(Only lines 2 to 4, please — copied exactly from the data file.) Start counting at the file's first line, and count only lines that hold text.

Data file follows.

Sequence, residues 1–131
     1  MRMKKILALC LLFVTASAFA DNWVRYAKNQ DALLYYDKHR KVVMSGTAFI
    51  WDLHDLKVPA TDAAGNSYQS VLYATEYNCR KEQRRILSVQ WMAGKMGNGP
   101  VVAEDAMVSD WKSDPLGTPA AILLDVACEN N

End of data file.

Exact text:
     1  MRMKKILALC LLFVTASAFA DNWVRYAKNQ DALLYYDKHR KVVMSGTAFI
    51  WDLHDLKVPA TDAAGNSYQS VLYATEYNCR KEQRRILSVQ WMAGKMGNGP
   101  VVAEDAMVSD WKSDPLGTPA AILLDVACEN N